appliance. The credit for dishwasher is $3years. manufactured during that
multiplied by the percentage by which the year . In each subsequent
efficiency of the 2007 standards (not yetyear the cap is reduced
known) exceeds that of the 2005 standards (theby the amount (if any) of
credit may not exceed $100 per dishwasher).the credit used in any
The credit for clothes washers is $100 forprior tax year. Of that
clothes washers that meet the requirements of$75 million (or reduced)
the Energy Star program in effect for clothescap, no more than $20
washers in 2007. The credit for refrigeratorsmillion of credit amount
iki/CRS-RL34674ranges from $75-$175 each [IRC §45M].in a single tax year mayresult from the
g/wmanufacture of
s.orrefrigerators to which the
leak$75 applicable amount
applies (i.e., refrigerators
://wikiwhich are at least 15
httppercent but no more than
20 percent below 2001
energy conservation
standards). In addition to
the $75 million cap on
the credit allowed, the
overall credit amount
claimed for a particular
tax year may not exceed
2% of the taxpayer’s
average annual gross
receipts for the preceding
three tax years.
alified EnergyNo provision.Sec. 301. The bill creates a newSec. 841. The provision is
nservation Bonds category of tax credit bonds tosimilar to that in S. 3478,
finance state and local governmentexcept that the national
initiatives designed to reducelimitation is $2.625 billion.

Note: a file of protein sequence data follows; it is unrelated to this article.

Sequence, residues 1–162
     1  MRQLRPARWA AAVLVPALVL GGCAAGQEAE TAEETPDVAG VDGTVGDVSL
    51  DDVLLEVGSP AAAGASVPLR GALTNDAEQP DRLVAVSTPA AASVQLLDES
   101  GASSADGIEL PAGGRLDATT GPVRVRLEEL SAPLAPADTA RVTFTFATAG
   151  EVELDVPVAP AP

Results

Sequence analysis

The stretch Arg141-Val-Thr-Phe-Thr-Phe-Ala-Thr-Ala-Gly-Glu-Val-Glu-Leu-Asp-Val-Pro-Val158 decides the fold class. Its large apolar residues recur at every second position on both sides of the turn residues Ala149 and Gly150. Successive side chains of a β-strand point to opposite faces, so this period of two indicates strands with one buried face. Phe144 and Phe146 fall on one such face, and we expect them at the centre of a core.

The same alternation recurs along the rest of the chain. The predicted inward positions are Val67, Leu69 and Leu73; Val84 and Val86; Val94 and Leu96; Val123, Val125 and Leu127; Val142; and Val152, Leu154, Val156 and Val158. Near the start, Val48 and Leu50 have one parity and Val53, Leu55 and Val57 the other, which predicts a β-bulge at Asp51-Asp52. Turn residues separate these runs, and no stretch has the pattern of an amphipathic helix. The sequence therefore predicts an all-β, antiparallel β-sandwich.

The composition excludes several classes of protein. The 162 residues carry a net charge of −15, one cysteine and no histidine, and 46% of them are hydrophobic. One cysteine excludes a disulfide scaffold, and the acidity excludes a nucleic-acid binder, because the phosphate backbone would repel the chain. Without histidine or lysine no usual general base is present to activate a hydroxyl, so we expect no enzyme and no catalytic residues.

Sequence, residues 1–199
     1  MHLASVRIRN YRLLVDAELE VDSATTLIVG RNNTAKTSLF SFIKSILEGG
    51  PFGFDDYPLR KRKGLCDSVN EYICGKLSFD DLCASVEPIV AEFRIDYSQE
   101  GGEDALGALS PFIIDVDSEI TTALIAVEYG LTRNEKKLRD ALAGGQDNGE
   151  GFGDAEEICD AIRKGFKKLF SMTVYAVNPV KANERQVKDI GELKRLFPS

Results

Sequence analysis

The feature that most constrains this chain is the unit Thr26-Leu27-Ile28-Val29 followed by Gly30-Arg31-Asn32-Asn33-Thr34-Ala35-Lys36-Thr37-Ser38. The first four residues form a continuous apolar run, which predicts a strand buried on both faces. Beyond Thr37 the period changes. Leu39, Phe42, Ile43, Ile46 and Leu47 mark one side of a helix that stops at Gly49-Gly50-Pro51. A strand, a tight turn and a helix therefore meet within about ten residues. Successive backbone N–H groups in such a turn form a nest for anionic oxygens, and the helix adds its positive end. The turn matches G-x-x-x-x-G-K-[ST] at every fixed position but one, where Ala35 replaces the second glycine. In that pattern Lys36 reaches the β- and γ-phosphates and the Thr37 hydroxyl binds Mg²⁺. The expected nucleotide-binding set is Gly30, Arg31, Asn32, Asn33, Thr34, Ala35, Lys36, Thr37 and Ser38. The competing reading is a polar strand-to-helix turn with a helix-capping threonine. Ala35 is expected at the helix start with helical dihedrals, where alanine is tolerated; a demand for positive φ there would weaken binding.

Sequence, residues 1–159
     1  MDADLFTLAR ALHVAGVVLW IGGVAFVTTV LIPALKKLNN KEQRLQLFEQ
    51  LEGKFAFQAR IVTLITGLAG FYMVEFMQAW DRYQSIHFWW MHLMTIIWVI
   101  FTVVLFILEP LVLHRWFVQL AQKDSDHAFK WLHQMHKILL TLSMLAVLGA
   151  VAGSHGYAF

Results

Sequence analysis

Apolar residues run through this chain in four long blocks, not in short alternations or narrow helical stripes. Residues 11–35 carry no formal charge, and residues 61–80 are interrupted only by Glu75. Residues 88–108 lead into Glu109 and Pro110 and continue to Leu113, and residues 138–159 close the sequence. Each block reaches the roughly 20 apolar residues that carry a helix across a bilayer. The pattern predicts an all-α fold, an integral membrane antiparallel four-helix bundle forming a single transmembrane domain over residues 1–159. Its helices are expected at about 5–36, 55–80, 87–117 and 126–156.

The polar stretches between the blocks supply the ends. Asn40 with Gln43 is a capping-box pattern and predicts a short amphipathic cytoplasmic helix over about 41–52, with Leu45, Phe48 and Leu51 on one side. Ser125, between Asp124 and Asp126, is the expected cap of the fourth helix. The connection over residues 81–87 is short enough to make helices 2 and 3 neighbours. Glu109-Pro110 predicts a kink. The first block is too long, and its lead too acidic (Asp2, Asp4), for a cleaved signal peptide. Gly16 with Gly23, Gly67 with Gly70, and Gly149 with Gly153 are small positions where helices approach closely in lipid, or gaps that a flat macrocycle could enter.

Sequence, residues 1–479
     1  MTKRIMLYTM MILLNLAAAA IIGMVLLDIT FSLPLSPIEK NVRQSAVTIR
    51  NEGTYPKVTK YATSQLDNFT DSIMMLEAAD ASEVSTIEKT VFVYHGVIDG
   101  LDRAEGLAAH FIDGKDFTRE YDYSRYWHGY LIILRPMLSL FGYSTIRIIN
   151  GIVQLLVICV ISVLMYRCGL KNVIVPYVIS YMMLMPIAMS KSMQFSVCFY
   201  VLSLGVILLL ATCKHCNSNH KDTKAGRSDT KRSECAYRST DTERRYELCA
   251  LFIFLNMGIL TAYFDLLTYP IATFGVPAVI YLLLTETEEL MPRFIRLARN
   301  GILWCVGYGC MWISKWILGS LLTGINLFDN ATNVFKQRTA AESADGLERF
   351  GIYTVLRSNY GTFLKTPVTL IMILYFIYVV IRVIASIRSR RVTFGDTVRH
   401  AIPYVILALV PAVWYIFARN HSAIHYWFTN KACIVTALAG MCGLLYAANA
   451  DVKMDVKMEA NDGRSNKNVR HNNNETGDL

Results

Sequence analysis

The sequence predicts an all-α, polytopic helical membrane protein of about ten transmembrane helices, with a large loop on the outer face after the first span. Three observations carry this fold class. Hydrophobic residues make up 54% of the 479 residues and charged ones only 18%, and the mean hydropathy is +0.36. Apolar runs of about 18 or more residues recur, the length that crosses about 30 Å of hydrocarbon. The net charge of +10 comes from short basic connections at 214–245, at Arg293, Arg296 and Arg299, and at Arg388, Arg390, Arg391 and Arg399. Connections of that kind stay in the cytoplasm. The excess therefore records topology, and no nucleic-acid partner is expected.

ProvisionCurrent LawSenate Bill S. 3478House Bill H.R. 6899Comments
greenhouse emissions. There is aThis proposal is estimated to
national limitation of $3 billion,cost $895 billion over 10 years.
allocated to states, municipalities
and tribal governments. The
estimated cost of this proposal is
$1.025 billion over 10 years.
Transportation Sector
vanced Technology Vehicles
Plug-In HybridThe Energy Policy Act of 2005 (P.L. 109-58)Sec. 204 & 205. The Senate billSec. 824. The bill establishes aToyota reached its limit
created a new system of tax credits for fourestablishes a new credit for qualifiednew credit for each qualifiedin 2006; Honda in 2007.
types of advanced-technology vehicles (ATVs):plug-in electric drive vehicles. Theplug-in electric drive vehicleThus, purchasers of
hybrid vehicles, fuel cell vehicles, advancedbase amount of the credit is $2,500.placed in service during eachhybrid vehicles from
lean-burn vehicles, and other alternative fuelIf the qualified vehicle drawstaxable year by a taxpayer. Thethese manufacturers no
vehicles. The credit for hybrids range frompropulsion from a battery with atbase amount of the credit islonger qualify for the tax